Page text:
Things changed a long time ago though, because humans starting moving things around, first locally and then globally. Potatoes from South America were tasty and easy to grow, and could sustain a population much more eaasily than the local vegetation. A vast acreage was turned from 'nature' to mono-crop, ultimately leading to human devastation.... we forget about the displaced flora that came with the turning of each sod. Native forests were levelled and grass was sown to produce beef and milk. Smaller grazing animals such as sheep grazed to such an extent that plants couldn't regenerate. Native pine trees were harvested to almost the brink of extinctionin Ireland, and had to be reintroduced from Scotland in the 17th century. World travel became became easier, and plants from places as far-flung as New Zealand, China, Africa, the Americas and Africa found they could thrive here in Ireland. There are pockets of Ireland that feel just like home for them, so we have south American Fuchsias thriving alongside Himalayan Rhododendrons. We have New Zealand palm trees putting down roots on our chimney pots alongside Chinese Buddleias. Mexican fleabane grows on our walls under a canopy of Eucalyptus. Our commercial woodlands consist almost entirely of spruce, hemlock and fir, all of them from other continents. Our suburban gardens are mash-ups from every continent: lavender, olives and bay from southern Europe. Agapanthus and osteospermum from Africa. Bamboos, maples and camellias from China and Japan. It's a completely diverse environment and there is no turning it back.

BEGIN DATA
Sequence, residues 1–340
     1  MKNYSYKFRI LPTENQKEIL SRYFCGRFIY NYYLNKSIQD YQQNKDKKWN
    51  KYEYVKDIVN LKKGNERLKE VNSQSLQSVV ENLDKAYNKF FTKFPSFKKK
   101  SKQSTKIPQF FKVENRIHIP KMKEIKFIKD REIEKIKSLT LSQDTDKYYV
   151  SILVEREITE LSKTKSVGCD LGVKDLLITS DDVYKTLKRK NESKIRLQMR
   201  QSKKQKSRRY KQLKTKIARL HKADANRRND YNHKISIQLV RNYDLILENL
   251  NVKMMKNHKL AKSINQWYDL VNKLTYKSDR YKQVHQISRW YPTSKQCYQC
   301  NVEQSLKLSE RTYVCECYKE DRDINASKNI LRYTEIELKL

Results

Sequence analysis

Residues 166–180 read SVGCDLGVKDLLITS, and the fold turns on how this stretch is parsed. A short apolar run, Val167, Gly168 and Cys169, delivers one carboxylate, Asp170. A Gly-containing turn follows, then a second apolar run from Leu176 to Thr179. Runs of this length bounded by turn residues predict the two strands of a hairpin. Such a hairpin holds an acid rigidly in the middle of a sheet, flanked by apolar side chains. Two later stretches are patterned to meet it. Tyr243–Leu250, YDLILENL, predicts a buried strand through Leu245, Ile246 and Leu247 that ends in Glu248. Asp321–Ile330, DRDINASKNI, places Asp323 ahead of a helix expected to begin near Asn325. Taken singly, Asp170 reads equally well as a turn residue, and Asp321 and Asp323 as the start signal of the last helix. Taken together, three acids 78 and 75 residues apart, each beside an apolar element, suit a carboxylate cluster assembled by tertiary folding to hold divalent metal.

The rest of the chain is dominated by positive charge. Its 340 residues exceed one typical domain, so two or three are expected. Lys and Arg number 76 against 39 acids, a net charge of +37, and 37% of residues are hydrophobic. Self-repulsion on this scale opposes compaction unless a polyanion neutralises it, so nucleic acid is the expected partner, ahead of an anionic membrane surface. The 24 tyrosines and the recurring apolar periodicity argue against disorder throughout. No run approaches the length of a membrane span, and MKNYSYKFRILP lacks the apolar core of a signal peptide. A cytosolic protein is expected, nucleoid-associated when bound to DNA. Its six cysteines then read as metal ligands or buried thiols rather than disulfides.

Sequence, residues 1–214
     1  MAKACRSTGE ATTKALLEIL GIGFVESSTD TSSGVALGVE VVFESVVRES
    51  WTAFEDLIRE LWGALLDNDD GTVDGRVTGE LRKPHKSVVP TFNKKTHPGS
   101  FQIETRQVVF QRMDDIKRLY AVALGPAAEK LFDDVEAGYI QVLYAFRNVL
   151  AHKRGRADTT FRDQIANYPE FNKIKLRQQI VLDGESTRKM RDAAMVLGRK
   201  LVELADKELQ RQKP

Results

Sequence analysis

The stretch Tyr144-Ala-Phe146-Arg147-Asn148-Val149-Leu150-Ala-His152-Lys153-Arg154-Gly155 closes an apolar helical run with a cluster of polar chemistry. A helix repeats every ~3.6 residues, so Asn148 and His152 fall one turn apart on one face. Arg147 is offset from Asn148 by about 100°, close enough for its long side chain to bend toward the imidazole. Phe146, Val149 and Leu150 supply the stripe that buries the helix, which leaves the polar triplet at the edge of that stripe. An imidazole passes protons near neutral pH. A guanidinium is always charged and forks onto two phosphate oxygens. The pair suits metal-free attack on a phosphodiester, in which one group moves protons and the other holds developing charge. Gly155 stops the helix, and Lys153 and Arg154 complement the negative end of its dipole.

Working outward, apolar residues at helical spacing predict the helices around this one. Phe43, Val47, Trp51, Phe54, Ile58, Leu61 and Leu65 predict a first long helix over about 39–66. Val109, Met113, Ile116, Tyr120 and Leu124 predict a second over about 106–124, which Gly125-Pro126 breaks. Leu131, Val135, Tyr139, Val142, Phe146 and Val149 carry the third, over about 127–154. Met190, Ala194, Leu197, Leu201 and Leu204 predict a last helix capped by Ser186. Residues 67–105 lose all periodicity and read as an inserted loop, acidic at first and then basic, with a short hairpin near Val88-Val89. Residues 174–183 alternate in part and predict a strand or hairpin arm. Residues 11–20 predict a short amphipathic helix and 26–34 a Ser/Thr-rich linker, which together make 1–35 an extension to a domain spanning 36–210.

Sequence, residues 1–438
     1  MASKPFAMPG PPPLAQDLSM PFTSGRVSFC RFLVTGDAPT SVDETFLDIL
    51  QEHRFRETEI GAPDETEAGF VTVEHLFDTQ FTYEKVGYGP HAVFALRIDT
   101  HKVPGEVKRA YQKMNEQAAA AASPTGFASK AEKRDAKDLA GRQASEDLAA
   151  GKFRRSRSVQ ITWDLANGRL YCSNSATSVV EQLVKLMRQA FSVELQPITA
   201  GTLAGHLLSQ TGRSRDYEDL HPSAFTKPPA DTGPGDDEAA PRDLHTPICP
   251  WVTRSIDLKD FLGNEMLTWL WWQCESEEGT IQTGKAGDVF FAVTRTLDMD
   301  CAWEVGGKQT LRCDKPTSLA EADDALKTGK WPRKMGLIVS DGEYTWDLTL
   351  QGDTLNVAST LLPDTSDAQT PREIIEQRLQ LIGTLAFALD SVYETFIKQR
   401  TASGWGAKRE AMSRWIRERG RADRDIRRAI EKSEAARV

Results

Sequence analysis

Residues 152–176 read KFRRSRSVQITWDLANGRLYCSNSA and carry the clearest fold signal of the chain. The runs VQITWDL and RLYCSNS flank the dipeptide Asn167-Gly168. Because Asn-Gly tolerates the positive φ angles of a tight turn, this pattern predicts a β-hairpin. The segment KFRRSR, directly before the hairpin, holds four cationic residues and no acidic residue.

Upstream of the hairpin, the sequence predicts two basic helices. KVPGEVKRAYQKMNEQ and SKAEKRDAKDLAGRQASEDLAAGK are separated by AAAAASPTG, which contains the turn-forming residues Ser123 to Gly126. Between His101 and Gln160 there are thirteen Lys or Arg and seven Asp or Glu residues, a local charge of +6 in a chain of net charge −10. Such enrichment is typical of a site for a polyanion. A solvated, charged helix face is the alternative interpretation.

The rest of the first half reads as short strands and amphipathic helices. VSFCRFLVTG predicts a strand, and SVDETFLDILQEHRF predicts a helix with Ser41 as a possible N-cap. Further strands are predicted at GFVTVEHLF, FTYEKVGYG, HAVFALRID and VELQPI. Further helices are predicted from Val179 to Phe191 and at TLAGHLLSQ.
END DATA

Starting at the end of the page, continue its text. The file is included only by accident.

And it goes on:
We need to think about this not in terms of loss, but instead as change. The loss of our natural environment is of course a sad thing, and we can see it happening to the Amazon rainforest in Brazil, right as we speak. But a landscape such as ours, which has been altered dramaticaly for thousands of years, is a different matter. Everything about the world is changing, and always has been. Landscapes have been altered and manipulated by humans for so long that it is almost impossible to pick a time when they were naturally 'pure'. Farming has transformed the natural world and the physical landscape, so we'd need to go back to the hunter-gatherer era to have a truly 'natural' environment. The rolling green fields of Ireland are no more natural than golf courses.